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Stats show the Sens' struggles

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Tuesday's win aside, the Ottawa Senators have been slumping as of late, and it was about time someone crunched the numbers to figure out why. I've already harped enough on penalties (most PIMs per game), power plays (23rd in league), and penalty killing (13th in league), so I'll ignore those stats here. Here are a few of the lesser talked about statistics that show where the problems lie.

47.8% faceoff percentage - 25th in the league

If you're not winning faceoffs, the other team has possession of the puck. If you're attacking and you lose the faceoff, the other team has a good chance to break out of their zone. If you're defending, the other team has a scoring opportunity. The Sens are near the bottom of the league in this department, thanks to pitiful performances at the dot by Peter Regin (45%) and Chris Kelly (38.3%).

0.92 five-on-five goals for/goals against - 22nd in the league

That's right - not only are the special teams not working, as the Sens are not performing well at even strength either.

2.9 goals against per game - 20th in the league

Pretty self-explanatory - if you're letting in 3 goals per game, that means you have to be scoring 4 goals per game to win them in regulation, and this batch of forwards cannot do that regularly.

9 fighting majors from Matt Carkner - 1st in the league

Some might see this as a good thing, but Carkner is supposed to be a defensive d-man that blocks shots, and should be filling in for Anton Volchenkov while A-Train is out with an injury. Hard to do that from the box, and it means that other defensemen have to eat those minutes. The next highest fight total for a defenseman? 3, shared by Kevin Bieksa, Jay Harrison, and Luke Schenn.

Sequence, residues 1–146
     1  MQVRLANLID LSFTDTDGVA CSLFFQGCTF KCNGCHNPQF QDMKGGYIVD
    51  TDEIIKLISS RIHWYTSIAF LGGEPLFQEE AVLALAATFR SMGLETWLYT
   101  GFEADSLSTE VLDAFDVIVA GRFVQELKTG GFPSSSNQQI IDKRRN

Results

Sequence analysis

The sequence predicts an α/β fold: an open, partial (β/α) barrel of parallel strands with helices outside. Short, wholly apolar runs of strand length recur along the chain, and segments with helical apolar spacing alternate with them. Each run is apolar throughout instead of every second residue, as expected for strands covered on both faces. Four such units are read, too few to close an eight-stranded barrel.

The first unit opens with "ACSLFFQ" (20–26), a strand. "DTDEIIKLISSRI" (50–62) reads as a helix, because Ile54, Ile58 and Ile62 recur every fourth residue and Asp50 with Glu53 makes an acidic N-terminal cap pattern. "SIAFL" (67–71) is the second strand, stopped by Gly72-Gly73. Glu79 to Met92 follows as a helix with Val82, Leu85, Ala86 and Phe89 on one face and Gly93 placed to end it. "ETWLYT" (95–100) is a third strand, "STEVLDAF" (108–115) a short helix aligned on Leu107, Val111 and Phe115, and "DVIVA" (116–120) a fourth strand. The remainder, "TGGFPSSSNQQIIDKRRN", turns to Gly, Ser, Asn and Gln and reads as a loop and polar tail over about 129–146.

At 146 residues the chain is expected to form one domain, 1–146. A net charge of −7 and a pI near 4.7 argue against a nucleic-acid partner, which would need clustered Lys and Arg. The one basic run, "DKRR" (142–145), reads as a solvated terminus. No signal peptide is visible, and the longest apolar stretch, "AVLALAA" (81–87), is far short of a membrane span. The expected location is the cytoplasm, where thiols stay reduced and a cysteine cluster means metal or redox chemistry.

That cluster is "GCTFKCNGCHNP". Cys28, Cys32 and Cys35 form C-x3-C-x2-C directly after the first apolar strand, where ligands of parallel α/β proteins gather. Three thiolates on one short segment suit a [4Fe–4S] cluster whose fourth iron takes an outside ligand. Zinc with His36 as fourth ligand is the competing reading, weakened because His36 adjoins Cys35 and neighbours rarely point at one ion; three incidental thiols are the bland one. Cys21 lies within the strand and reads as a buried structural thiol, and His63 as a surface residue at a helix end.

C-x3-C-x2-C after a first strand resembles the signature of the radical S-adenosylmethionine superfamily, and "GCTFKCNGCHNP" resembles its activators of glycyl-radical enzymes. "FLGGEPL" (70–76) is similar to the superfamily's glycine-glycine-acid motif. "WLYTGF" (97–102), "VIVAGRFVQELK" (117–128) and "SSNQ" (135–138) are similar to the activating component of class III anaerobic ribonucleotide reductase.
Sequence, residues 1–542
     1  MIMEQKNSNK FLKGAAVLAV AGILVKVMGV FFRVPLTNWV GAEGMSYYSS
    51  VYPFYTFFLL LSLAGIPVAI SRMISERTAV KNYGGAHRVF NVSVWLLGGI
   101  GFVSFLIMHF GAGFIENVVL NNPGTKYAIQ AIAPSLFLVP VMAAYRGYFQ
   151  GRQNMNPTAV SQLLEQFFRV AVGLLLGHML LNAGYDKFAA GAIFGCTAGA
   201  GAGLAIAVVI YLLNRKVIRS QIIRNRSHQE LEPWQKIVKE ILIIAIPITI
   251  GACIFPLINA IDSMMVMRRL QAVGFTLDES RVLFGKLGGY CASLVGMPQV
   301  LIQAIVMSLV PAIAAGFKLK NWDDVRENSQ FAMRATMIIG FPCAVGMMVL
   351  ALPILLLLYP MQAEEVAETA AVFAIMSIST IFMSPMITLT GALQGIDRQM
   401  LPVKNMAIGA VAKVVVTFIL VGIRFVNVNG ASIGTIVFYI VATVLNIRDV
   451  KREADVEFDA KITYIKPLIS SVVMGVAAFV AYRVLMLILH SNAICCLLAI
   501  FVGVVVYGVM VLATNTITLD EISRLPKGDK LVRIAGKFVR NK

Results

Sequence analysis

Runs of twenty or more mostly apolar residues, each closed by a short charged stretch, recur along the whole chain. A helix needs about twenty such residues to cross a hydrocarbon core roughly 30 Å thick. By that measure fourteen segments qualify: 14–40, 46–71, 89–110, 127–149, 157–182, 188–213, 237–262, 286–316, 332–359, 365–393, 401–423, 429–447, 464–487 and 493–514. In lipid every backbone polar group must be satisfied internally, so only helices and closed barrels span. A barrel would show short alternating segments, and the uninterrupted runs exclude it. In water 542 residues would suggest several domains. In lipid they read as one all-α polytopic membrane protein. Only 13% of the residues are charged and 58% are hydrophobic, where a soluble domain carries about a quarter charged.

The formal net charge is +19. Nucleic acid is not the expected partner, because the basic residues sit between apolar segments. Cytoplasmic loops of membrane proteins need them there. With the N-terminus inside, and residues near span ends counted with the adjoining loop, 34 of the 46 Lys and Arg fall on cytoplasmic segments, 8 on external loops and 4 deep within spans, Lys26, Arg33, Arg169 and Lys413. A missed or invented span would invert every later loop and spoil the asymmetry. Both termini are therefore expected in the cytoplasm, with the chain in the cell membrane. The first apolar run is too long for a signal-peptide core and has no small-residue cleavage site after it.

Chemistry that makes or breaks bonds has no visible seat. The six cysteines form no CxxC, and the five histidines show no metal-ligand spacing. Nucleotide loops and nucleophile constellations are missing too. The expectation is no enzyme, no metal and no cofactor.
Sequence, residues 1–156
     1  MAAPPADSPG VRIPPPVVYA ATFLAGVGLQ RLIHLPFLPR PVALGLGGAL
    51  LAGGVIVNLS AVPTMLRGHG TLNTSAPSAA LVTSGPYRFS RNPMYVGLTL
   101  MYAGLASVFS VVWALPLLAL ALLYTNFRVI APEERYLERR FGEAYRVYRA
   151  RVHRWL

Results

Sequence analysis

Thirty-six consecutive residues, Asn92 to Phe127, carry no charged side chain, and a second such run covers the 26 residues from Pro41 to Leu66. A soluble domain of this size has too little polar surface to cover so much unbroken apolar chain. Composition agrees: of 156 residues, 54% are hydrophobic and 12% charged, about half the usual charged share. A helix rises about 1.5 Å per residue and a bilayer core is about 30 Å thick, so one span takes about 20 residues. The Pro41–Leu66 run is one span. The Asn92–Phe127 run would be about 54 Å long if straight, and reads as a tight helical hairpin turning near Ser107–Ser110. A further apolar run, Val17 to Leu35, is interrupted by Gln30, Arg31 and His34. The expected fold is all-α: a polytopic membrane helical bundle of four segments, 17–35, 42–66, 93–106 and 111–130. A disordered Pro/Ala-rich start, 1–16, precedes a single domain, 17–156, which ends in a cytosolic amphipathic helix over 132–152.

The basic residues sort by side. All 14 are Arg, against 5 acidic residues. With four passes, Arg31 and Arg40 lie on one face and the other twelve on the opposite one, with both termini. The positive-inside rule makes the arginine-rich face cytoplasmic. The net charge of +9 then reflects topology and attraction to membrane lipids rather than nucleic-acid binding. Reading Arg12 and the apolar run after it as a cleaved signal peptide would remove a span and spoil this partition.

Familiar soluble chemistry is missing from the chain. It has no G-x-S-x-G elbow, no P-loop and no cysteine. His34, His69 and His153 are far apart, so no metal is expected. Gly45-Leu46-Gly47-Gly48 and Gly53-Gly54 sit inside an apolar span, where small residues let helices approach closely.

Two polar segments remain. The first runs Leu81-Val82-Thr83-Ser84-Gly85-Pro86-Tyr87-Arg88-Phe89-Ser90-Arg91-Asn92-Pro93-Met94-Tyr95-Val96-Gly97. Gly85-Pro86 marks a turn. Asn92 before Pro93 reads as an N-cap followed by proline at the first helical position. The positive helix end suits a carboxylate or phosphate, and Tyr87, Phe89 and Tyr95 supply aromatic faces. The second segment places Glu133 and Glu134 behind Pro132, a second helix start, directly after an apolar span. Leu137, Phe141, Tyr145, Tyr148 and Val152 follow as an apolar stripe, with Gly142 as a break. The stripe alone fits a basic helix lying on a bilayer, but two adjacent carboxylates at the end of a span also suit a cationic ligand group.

2.5 - Jason Spezza's shooting percentage

Of forwards with 40 shots or more, only Richard Park (2.2%), Shawn Thornton (2.4%), and David Backes (2.5%) are this bad.

-5 - Alexei Kovalev's plus/minus

Only one player on the Sens has a lower plus/minus (Jonathan Cheechoo with -6). However, I'd say Kovalev's is worse because Mike Fisher, who has been on Kovalev's line every game this year, is +3.

.896 - Pascal Leclaire's save percentage - 38th in league

Snoopy has started 14 games, and of goalies with more than ten starts, only Jose Theodore (.893) and Steve Mason (.879) are worse.

(Read 'The Good' after the jump... )

With all of the bad, there's got to be some good, right?. Here are a few of the positive stats:

THE GOOD

28.0 shots against per game - 5th lowest in the league

This stat was certainly a pleasant surprise. Though the Senators have actually done well in preventing shots (at least by the league's measure), it should be noted that the shots they do give up usually contain a significant amount of beautiful scoring opportunities for the opposition.

4 short handed goals - 1st in the league

What's probably most amazing about this is how long it's been since the team got one of these. Ottawa's led the league in this category pretty much all season.

3 short handed points from Daniel Alfredsson - 1st in the league

Alfredsson has a goal and two assists while shorthanded, which is the best in the league. Milan Michalek is tied for first in short handed goals with those two he grabbed in the same game against Tampa Bay.

155 takeaways - 6th in the league

Yes, it's a terribly unreliable stat. Still, it's one that can be seen in games, with Jason Spezza and Daniel Alfredsson stealing the puck with great frequency. Unfortunately, the Senators are also prone to far too many giveaways.

3 game-winning goals from Mike Fisher - tied for 3rd in the league

Fisher has 9 goals on the year, putting him tied for 19th in the league. Now, I don't expect Mike Fisher to hit 41 goals (his current pace), but I fully expect him to put up career numbers. In addition to leading the team in game winners and goals, Fisher also leads the Sens with 5 powerplay goals (tied for 5th in the league).